Dear Readers. This column is just for you. Every other week I’ll answer one of your interior design questions. Just send me an email with your question and I’ll reply right here. This week’s question:

Do you have any advice in choosing a ceiling fan?

There are two things to consider — function and style. For the best performance in a room with standard, 8-foot ceilings, the fan should not be less than 8 inches from the ceiling and two to three feet away from any given wall. It goes without saying that you want it to be high enough to clear everyone’s head.

Large fans move more air than small ones so it is more efficient to run a large fan, even on a low speed, than a small fan on a high speed. This (large fan on slower speed) will decrease both your energy bill and blade noise. The wider and/or longer the fan blade, the more airflow it generates. The more blades you have the more powerful the motor must be and, therefore, the more noise the motor will make.

Pay attention to the blade angle. The greater the angle, the more circulation it will produce. Most people think of using their fans during the summer but you can also lower your energy costs during the winter. In the hotter months, rotating your fan counterclockwise blows air downward and cools you off. In the winter, rotating clockwise blows air upward and redistributes warm air, which has naturally risen, downward.

How many blades should your fan have? It depends. Not only does the size of your room, the size of your fan, its speed, and the tilt of your blades come into play, but so does “ceiling fan efficiency and power consumption.” This refers to the amount of air movement generated. This is calculated by the cubic feet per minute or “CFM” in watts, or “W.” If this Napa heat doesn’t give you a headache, the math surely will. But I have an easy answer coming up.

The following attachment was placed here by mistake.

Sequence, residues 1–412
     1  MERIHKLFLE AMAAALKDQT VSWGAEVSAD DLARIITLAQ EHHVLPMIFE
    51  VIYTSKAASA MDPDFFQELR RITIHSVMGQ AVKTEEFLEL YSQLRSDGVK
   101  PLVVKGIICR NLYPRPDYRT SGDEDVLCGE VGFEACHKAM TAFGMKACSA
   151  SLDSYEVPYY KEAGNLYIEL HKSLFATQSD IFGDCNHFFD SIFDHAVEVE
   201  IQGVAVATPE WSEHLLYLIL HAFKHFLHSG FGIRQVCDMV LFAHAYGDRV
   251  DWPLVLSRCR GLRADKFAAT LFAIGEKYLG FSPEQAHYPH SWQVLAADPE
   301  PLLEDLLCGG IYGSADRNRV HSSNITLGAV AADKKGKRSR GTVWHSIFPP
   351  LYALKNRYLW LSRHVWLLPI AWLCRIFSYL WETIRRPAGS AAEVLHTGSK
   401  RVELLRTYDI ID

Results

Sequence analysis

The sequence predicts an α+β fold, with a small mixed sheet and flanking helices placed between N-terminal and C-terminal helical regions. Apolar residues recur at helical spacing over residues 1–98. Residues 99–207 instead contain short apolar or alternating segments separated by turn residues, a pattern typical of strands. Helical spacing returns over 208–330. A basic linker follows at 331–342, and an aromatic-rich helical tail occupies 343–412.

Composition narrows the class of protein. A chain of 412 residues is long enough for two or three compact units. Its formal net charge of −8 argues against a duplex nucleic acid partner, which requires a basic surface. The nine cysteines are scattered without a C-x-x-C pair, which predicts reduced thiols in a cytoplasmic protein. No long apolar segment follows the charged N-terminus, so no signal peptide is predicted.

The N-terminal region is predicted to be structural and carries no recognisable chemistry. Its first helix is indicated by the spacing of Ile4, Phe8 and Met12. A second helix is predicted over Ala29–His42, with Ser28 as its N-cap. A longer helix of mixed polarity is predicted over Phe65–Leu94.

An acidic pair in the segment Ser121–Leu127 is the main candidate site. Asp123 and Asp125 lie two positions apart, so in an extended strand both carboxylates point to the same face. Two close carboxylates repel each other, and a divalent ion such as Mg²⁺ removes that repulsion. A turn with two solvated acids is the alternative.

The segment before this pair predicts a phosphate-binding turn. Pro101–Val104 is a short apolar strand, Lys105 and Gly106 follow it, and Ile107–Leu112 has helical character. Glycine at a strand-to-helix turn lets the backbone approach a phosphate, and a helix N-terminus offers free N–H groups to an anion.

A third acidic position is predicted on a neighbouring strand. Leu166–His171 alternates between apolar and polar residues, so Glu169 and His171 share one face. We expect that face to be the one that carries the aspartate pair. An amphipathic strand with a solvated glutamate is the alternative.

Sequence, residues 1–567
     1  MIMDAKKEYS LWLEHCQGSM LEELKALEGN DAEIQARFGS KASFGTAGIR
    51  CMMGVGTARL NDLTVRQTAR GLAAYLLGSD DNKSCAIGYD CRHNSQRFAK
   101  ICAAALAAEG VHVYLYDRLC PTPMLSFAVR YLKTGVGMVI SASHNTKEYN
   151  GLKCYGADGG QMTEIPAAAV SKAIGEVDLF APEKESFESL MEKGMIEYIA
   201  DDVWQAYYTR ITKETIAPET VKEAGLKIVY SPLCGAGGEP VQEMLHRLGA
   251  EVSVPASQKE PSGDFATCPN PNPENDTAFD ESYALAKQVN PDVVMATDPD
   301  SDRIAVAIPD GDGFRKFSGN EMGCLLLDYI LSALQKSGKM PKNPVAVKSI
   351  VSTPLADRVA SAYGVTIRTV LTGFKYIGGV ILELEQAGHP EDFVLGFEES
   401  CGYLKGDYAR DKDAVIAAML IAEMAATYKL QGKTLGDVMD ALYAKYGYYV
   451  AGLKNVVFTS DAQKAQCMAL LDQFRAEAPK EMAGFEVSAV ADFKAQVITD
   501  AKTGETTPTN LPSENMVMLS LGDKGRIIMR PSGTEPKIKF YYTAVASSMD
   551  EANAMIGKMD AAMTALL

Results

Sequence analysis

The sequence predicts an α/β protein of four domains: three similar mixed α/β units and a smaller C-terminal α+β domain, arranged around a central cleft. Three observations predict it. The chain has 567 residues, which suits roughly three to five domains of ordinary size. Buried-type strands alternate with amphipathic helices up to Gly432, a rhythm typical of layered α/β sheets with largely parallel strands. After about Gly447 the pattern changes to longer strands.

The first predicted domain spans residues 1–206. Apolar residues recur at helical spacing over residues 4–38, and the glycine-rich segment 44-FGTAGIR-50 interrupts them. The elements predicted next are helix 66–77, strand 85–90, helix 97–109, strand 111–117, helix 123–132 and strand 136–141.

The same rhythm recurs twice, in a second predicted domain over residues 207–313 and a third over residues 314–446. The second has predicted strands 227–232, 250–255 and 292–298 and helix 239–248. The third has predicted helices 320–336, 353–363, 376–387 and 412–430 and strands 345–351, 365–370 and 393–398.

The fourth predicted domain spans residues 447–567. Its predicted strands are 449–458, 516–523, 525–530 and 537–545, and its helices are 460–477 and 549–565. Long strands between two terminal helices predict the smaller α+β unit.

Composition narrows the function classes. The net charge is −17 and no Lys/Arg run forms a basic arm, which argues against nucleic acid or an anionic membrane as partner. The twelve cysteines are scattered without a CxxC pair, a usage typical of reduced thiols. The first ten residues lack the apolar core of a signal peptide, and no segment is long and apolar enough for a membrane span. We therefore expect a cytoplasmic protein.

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Dividing the airflow generation by the power consumption gives the fan’s efficiency. The average ceiling fan efficiency is 5,500 CFM and 70 W. So the easy answer is to just look for 79 CFM per W or better. Here’s a tip. This efficiency is not dependent on the number of blades. One blade can be just as effective as six.

If you thought that answer was difficult, finding a stylish fan may be even more so. But, contrary to what I thought of them in the past, designs have come a long way and suit many styles from farmhouse to industrial, modern, and tropical.

If you have a large space, consider adding two or more fans in a row. This will not only increase the circulation, but also add an interesting geometry to your space. Of course, match the style of the fan to your décor and if possible, choose one without lights as they tend to make a fan bulky, invade space, and interrupt your eye’s line of vision.

Have a question? Send to plcinteriors@sbcglobal.net with “NVR Question” in the subject line.

Patti L Cowger is a credentialed, award-winning Napa-based interior designer and owner of PLC Interiors. For more information about her design services, visit her website at plcinteriors.com call (707) 322-6522; or email plcinteriors@sbcglobal.net.

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